In 2010, President Obama subjugated 1/6th of the U.S. economy to government-controlled markets. The result has been disastrous. Disastrous, that is, unless you have a job with a big health insurance company, or you are one of the consultants sucking the lifeblood from the medical industry dealing with enough regulations to sink the aircraft carrier USS Nimitz.
Government does a very poor job picking winners and losers in the economy.
The market, even with cheats, liars, thieves and greedy capitalists, does better, by many orders of magnitudes. It doesn't matter if the government is picking winners and losers under Barack Obama or Donald Trump.
The latest job report just came out, and since Trump took office, there's been consistent job growth, the likes of which we haven't seen since the year 2000 and 2001. Do we think that's some endorsement of MAGA? In a way: Yes, it is, because Trump has gone a long way toward pulling down the wall of regulation that's been strangling businesses for the last 10 years or more.
But now, with awful tariffs aimed at our neighbors, Mexico and Canada, and our European allies, Trump is endangering those gains by forcing us to buy more expensive products. You really don't think Mexico, Canada, and Europe will suffer for the tariffs and come begging America to "please, stop?" You really don't think that Trump will make them say "Uncle?" You really don't think that Gary Cohn resigned as director of the National Economic Council because he felt that tariffs were not a big issue?
Cohn ran Goldman Sachs, a company that's been dedicated to the free market for a century (notwithstanding the cheats, liars, greedy capitalists, etc.). He left because he knew tariffs are no better than Obamacare's march toward national healthcare. In fact, it's worse.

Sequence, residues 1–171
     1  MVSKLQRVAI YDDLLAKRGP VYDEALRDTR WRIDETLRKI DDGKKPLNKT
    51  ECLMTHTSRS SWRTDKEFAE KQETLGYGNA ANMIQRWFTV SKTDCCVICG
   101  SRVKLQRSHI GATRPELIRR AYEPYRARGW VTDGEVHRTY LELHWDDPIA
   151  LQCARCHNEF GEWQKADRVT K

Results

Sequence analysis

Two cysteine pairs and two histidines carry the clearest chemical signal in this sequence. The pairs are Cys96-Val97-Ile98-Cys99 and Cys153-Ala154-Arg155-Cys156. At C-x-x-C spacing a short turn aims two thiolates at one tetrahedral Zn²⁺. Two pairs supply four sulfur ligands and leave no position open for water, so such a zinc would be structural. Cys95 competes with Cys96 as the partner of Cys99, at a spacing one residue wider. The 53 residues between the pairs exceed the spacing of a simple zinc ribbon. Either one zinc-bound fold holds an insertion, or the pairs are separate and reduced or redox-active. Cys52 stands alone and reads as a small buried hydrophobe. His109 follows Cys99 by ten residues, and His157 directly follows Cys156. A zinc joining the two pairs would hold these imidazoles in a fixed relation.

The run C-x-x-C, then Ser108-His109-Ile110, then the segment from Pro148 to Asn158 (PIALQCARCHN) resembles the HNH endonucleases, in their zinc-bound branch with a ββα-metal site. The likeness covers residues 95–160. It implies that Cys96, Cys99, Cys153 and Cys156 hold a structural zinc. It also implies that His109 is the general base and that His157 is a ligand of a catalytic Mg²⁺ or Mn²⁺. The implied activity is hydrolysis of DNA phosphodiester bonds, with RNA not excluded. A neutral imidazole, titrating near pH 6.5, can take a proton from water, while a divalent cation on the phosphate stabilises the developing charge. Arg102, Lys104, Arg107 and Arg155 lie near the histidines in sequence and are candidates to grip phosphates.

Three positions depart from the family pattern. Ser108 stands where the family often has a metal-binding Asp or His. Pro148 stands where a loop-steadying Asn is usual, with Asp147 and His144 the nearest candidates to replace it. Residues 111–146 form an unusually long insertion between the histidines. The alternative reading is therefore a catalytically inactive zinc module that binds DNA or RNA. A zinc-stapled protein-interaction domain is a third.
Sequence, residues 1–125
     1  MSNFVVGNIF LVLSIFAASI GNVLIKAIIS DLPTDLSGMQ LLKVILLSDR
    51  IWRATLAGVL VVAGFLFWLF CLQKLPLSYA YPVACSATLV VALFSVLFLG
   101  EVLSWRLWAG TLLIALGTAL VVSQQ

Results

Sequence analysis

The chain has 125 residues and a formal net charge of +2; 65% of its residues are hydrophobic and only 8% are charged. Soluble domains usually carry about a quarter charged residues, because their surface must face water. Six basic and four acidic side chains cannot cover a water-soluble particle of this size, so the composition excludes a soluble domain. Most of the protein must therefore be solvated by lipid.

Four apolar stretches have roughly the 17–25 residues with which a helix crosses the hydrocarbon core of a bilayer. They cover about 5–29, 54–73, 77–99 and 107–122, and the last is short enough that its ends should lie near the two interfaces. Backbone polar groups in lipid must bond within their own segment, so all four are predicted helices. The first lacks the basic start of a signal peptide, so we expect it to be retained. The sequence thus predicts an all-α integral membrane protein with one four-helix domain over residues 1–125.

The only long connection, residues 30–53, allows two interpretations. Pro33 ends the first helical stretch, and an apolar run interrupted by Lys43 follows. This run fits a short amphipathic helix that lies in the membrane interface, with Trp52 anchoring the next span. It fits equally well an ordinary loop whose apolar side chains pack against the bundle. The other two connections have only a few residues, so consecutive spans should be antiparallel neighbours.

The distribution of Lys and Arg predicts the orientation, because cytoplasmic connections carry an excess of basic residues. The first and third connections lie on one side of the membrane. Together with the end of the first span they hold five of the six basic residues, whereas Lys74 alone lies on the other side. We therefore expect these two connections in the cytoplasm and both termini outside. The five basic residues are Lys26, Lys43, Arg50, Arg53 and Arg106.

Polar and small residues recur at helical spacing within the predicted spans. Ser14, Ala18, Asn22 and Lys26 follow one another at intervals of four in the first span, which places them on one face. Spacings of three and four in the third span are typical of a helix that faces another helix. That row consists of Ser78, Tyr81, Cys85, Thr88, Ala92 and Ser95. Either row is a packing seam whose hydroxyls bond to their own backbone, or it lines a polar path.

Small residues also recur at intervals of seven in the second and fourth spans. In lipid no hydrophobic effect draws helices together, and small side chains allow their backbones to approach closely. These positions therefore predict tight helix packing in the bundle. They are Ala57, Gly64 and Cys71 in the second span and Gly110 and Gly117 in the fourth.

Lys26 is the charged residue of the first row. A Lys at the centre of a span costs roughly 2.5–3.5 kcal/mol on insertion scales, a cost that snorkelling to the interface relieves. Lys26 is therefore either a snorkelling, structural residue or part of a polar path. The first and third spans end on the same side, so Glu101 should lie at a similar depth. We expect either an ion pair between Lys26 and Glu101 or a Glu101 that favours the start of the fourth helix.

Obama merely took American money and handed it to American insurance companies, filtered through the clumsy hand of government regulations. Trump has taken on multinational corporations with vested interests and investments in foreign nations, along with the governments of those countries. Those nations can fight back far more effectively than local doctors and hospitals.
Along with tariffs on flat steel imports from the United States, Mexico will impose tariffs on lamps, pork legs and shoulders, sausages and prepared foods, apples, grapes, cranberries, various cheeses and other products.
The products were selected to affect exporters in states that are politically important to Mr. Trump. American agricultural exporters have been particularly concerned that Mexico would retaliate against their products.
And consumers will pay for it, in cars, jobs, and cash. If you like your car, you can keep your car, but it might be about 15% more expensive, to prop up failing steel jobs in the rust belt--people who voted for Trump. Whether you like it or not, it's a campaign contribution to Trump, just like Obamacare was a contribution to Obama's 2012 run.
The latest news is that Trump is considering something more heinous--forcing us to buy power from struggling coal and nuclear power plants to keep them running. Granted, we should have invested more into nuclear, with the NRC serving for two decades as the anti-nuke agency, preventing any licenses from being issues. And we should have invested more into clean coal years ago, but Obama and his ilk attempted to murder the entire industry.
But now, if they live, it should be by the market, and if they die, it's by the market.
Punishing 25% tariffs and forcing power policy to favor one small group of workers over every job in America, is dumb policy. Maybe Trump's tariffs are nothing more than a temporary negotiating ploy--a "double dog dare" response that will soon be repealed. I hope they are, because every day they exist is going to cost jobs here, and cost consumers in very real ways.
President Trump needs to stick to the knitting, and keep tearing down Obama-era regulations. He needs to keep working to repeal Obamacare, which needs a Republican majority in Congress. These poorly thought-out moves could seal Obamacare's future, and cost us dearly for many more things than health care.